Unfortunately it was late afternoon by the time we got up into the hills, no time to go to White Chief or Marble caves (another destination for return trip in 2005), but this was the beginning of the prime time to seeÖbears! Uneva had never seen a bear in the wild, and this was a particular thrill for her. Near a parking area we saw a bunch of cars stopped. We got out, and saw what the attraction was, a mama bear teaching baby how to forage fallen trees and logs for food! Realizing the potential danger, we all kept a careful distance from mama and her cub, as we watched them for maybe a half hour. Once back in our vehicle again it was only a short distance before we saw another bear, foraging in the trees. By now it was getting dark, and we headed to a small restaurant just outside the park for dinner. While awaiting our food a commotion rose up outside. Apparently the owner keeps the stream behind the restaurant stocked with ducks, and a bear had come to "visit". We saw the bear as he was being chased away. "Seen enough bears yet?" I asked Uneva, who was smiling.

Thursday offered another chance to get into Crystal Sequoia cave, where Uneva and I were signed up for the "wild tour". This tour was a bit shorter than the "catacombs" tour, and while this trip featured some fun climbs over breakdown and neat things to see, it was not as enjoyable as the other trips I had been on. Perhaps the late nights, early mornings, and all the driving were starting to get to me. In any case, after the trip, we took advantage of our last opportunity to see various sights (including the General Sherman tree, the largest in the forest, that sucker was HUGE!) in the park, as we would not be returning the following day. That evening we attended the slide salon. Whoa! If ever there can be such a thing as cave photography and multimedia overload, this is it! Many awards were given for many amazing photos, and Peter and Ann Bosted cleaned up on the honorable mentions.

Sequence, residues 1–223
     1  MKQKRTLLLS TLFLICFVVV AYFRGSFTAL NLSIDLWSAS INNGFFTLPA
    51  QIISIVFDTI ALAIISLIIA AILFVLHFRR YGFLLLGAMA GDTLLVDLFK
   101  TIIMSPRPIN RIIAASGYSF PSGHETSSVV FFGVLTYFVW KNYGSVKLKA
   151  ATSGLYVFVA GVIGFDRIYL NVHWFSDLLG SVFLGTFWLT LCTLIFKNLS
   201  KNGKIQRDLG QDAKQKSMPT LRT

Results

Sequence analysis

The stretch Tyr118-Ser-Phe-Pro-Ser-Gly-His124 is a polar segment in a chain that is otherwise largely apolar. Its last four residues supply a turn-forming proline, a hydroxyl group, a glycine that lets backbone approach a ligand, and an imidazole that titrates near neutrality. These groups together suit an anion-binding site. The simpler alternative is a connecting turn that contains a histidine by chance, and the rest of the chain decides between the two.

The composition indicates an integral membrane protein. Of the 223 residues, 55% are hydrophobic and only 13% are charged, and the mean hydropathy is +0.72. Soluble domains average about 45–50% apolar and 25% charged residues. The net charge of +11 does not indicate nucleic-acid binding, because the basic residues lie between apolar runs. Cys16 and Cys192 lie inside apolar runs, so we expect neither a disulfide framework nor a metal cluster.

Friday was our last day at Convention and I was signed up on a vertical trip into Lost Soldierís Cave. I met our group at 9:00 in a shaded parking lot on a dirt road in the woods at the foothills to the mountains. Introductions were quite informal. The hike to the cave was on a narrow trail through the woods, and numerous folks on the trip, including our leader, were well versed in the French language, which was spoken frequently, to make several cavers from France, and from Montreal, feel welcome. I donít speak French. Oh well. The French speaking folks seemed very nice anyway. As we progressed on the trail through the woods to the cave, as advertised, the poison oak became quite thick. As an easterner who is very aware of Poison Ivy, but not familiar with this plant, I learned very quickly that it can come in any variety from groundcover to small tree!

The entrance to Lost Soldiers is up the bank of a dry streambed in the woods. While suiting up, I happened to ask our leader Peter his last name. "Bosted" was his reply. Oh wow, now this was cool. This also explains why he was interested in seeing what camera folks were bringing. I had my Kodak disposable. Peter was understandably unimpressed. Once in the cave I would understand why.

To get into the main part of Lost Soldiers requires one to do several tight but short vertical drops. Not far from the bottom of the last drop do the pretties begin. At one point I noticed a huge piece of bacon hanging from the ceiling with a distinctive shape to it. "Hey, I saw that in a photo last night!" I declared. "Yes" replied Peter, who then said that this was one of his first, and favorite, caves to photograph. Way cool, caving with a photographic master in a cave so often featured in calendars and other spectacular collections of cave photography. Hallway after hallway, room after room, stunning and unique decorations abounded. What a grand finale to convention! And to see up close and in person so much that I had seen the night before in photographs, and to be led by the photographer, was an experience not likely to be repeated!

Evening came, and Uneva and I opted for a quiet dinner by ourselves rather than the banquet, as we were still quite tired from being up late at the photo salon the night before, and this would allow us to get packed and get to bed early, as we had a long drive (to Glenwood Springs, Colorado) the following day. Besides, I had missed her on this caving day without her. Please hon, get vertical! J

Saturday morning came, and many of the cars with bat stickers were gone from the parking lot at the Best Western. Instead of a friendly caver there was some impersonal yuppie in a Saab on his cell phone parked beside me in the lot. No more "hey, where ya off to today" discussions in the parking lot to be had. I believe Uneva had begun to understand what I meant by my "ahh, the company of cavers" sentiment when, as we entered the restaurant at the motel and noticed that most of the cavers had been replaced with folks from general society. A certain warmth, a certain camaraderie, a certain feeling of being in the company with like minded folks, was gone. We scanned the area and noticed an open table beside John Pearson and Gordon Birkhimer, two of the last cavers in the place, and sat by them. Travel plans were discussed. Dennis had left mid-week to visit some friends elsewhere. I had meant to hook up with him again, but so much to do, so little time.